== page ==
7. Examples of Works That Can Be Copyrighted: Intellectual and creative works that can be copyrighted or patented, such as literary, dramatic, musical and artistic works, computer software, multimedia presentations, course material (traditional, distance learning, or online courses, inventions, etc., are deemed “intellectual property.”
  8. Ownership of Intellectual Property: In general, a Blue Ridge Community College employee or student owns all rights to copyrightable or patentable independent works created by that employee or student without College support. Unless otherwise provided by formal agreement, the College owns all rights to a copyrightable or patentable work created by an employee with College support and resources. More specifically, the ownership of a copyright or patent resulting from the development of intellectual property, and any rewards or recognition attributed to the copyright or patent, will be determined according to the following conditions:

    Ownership resides with the employee or student if the following criteria are met:
    1. The work is the result of individual initiative, not requested by the College.
    2. The work is not the product of a specific contract or assignment made as a result of employment with the College.
    3. The work is not prepared within the scope of the individual’s College duties.
    4. The work involves insignificant use of College facilities, time, or other resources and is not derivative of any other College-owned copyright.

      Ownership resides with the College if the above criteria are not met or if the following criteria apply:
    5. The work is prepared within the scope of an employee’s job duties.
    6. The work is the product of a specific contract or assignment made in the course of the employee’s employment with the College.
    7. The development of the work involved significant facilities, time, or other resources of the College including, but not limited to, release time, grant funds, College personnel, salary supplement, leave with pay, equipment, resources in amount and kind over and above those customarily provided to the employee, or other materials or financial assistance, or is derivative of any other College-owned copyright. Occasional use of office or classroom space, libraries, or general computer resources will not typically constitute significant use of resources.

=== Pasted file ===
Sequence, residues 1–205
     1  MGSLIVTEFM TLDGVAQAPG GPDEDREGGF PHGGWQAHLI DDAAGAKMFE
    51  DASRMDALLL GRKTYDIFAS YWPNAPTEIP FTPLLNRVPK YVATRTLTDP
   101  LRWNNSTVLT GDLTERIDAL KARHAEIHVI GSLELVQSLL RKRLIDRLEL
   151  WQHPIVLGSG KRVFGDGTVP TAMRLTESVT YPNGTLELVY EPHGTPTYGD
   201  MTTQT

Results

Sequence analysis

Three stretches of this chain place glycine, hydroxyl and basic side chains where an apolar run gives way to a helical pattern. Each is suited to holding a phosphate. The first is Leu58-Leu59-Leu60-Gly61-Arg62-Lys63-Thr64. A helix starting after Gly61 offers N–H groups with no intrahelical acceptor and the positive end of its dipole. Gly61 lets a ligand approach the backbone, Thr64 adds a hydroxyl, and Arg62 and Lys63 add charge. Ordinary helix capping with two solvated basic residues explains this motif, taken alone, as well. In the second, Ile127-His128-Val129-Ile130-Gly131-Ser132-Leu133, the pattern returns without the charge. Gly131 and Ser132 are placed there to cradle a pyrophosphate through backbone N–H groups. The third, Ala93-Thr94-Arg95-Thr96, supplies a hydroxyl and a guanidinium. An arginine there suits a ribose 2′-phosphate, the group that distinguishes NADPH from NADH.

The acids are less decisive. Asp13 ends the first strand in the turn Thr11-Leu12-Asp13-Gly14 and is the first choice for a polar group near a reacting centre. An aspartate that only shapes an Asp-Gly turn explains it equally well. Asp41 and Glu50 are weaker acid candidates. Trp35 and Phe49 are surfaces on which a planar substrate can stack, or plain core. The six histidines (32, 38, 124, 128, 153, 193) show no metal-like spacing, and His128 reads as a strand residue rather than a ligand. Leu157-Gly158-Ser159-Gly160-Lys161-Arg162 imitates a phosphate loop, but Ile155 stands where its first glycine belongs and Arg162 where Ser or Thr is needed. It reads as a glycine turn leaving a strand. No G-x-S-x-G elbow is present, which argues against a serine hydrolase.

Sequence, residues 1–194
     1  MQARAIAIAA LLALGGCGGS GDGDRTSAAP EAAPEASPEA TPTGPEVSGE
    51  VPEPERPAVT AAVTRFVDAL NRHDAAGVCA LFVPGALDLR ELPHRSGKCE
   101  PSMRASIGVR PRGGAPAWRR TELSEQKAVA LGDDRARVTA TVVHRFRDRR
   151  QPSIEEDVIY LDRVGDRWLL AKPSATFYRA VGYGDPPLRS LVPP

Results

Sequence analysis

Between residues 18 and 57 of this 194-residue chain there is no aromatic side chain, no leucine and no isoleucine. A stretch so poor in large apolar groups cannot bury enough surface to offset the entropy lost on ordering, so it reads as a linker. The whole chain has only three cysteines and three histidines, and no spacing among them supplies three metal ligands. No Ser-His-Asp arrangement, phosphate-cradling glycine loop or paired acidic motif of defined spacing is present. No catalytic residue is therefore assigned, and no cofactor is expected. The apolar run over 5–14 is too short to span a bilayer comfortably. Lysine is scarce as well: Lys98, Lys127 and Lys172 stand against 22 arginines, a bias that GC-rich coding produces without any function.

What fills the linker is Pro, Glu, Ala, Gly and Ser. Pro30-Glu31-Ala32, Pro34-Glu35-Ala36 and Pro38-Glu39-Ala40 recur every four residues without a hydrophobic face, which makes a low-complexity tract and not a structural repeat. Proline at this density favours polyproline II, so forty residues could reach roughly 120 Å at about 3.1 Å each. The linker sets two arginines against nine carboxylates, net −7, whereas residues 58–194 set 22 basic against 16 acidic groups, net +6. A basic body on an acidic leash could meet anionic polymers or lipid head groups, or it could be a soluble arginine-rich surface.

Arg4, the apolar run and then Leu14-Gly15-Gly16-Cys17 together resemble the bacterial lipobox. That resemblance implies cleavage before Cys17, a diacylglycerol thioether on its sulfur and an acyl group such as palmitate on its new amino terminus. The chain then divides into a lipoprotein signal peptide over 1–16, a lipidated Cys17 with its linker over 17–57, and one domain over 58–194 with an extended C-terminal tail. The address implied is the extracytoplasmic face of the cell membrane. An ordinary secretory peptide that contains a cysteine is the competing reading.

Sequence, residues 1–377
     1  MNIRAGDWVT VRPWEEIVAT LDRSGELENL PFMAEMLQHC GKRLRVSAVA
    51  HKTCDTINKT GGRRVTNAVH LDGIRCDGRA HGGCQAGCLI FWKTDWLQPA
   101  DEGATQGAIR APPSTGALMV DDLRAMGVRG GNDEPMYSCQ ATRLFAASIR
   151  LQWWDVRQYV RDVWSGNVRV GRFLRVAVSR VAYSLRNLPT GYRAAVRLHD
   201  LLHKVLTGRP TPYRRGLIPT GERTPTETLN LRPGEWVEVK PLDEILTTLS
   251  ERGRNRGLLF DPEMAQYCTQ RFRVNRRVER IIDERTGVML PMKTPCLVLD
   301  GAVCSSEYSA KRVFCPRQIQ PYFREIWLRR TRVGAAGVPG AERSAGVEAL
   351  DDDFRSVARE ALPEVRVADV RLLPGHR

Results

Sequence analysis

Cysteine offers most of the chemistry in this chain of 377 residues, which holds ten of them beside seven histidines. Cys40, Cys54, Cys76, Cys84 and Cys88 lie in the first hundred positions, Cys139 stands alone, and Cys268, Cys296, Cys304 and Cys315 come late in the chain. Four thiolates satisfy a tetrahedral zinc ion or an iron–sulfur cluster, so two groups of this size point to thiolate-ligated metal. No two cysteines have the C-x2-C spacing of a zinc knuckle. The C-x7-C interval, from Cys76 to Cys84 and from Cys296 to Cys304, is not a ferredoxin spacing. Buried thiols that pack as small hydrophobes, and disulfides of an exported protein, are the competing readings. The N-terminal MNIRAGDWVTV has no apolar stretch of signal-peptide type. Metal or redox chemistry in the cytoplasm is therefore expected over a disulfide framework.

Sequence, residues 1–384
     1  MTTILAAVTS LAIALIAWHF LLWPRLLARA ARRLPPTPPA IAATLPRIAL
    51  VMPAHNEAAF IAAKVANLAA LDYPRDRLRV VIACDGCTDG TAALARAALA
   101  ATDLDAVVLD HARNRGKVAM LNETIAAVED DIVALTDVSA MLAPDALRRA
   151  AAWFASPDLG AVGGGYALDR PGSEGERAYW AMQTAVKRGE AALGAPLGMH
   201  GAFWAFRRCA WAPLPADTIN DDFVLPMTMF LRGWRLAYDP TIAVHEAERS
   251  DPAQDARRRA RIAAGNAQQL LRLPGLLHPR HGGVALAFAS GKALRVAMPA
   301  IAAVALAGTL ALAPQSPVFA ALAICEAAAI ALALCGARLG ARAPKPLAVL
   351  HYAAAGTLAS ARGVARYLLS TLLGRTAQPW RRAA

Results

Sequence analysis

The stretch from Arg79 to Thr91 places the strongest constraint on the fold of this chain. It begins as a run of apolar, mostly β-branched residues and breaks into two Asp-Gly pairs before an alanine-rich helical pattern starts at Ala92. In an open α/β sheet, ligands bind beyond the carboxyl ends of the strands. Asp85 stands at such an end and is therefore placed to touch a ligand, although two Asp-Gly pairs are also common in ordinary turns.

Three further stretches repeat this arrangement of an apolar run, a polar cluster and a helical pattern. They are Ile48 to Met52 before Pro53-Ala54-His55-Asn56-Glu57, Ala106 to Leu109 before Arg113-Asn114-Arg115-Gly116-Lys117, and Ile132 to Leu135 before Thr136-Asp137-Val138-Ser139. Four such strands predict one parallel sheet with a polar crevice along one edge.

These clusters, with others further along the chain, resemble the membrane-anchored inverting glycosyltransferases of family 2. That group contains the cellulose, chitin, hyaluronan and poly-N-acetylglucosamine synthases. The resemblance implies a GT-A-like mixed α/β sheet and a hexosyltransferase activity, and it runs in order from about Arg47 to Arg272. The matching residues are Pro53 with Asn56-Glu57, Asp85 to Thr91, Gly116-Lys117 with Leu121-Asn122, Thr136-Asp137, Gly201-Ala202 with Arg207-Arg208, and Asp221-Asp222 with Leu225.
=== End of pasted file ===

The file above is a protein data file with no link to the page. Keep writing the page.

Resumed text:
Disputes among students or employees regarding ownership are addressed in subsection “P” below.
  9. Portfolio Rights: Notwithstanding these provisions, a student retains portfolio rights to works created by the student as a class assignment or as part of a pro-bono commission approved as a student project by an instructor. A pro-bono commission is work that an instructor may approve for students to undertake as a skill-building opportunity. Students may receive token payments provided by the person or group that commissions such a work.
  10. Promotional Materials: In the area of fine arts, the College may elect to retain one student piece per course to include in its permanent collection. The College also retains the right to use any student work in promotional materials produced by the College or its designee. Student work may include artwork, written material, musical composition, video, digital media, or web page design.
  11. Agreements: The College may enter into an agreement with either the employee or the student for an equitable arrangement for joint ownership, sharing of royalties, or reimbursement to the College for its costs and support. If it is foreseen that commercially valuable property will be created, the affected parties should negotiate an agreement for ownership and the sharing of benefits prior to creation of the property. In all such cases, such agreement shall provide that the College will have a perpetual license to use the work without compensation to the employee or student. In the absence of such an agreement, the provisions of ownership stated above shall apply.
  12. Release Time and Grants: If an employee is granted full or partial leave with pay (e.g., release time or educational leave) to write, develop, produce, or invent intellectual property, the employee and the College will share in any financial gain, and the college's share will be negotiated prior to the time the leave is taken. In cases where a grant is accepted by the College, the ownership provisions of the grant shall prevail.
  13. Lab Notes: Student class notes or lab notes may only be used for personal educational purposes. Publication of such notes may not be made without the express written permission of the instructor of record for that course.
  14. Virtual Learning Community: Individuals employed or commissioned by Blue Ridge Community College are required to adhere to the NCCCS Intellectual Property Policy for the Virtual Learning Community (VLC), as applicable to the use of VLC core courses and core materials.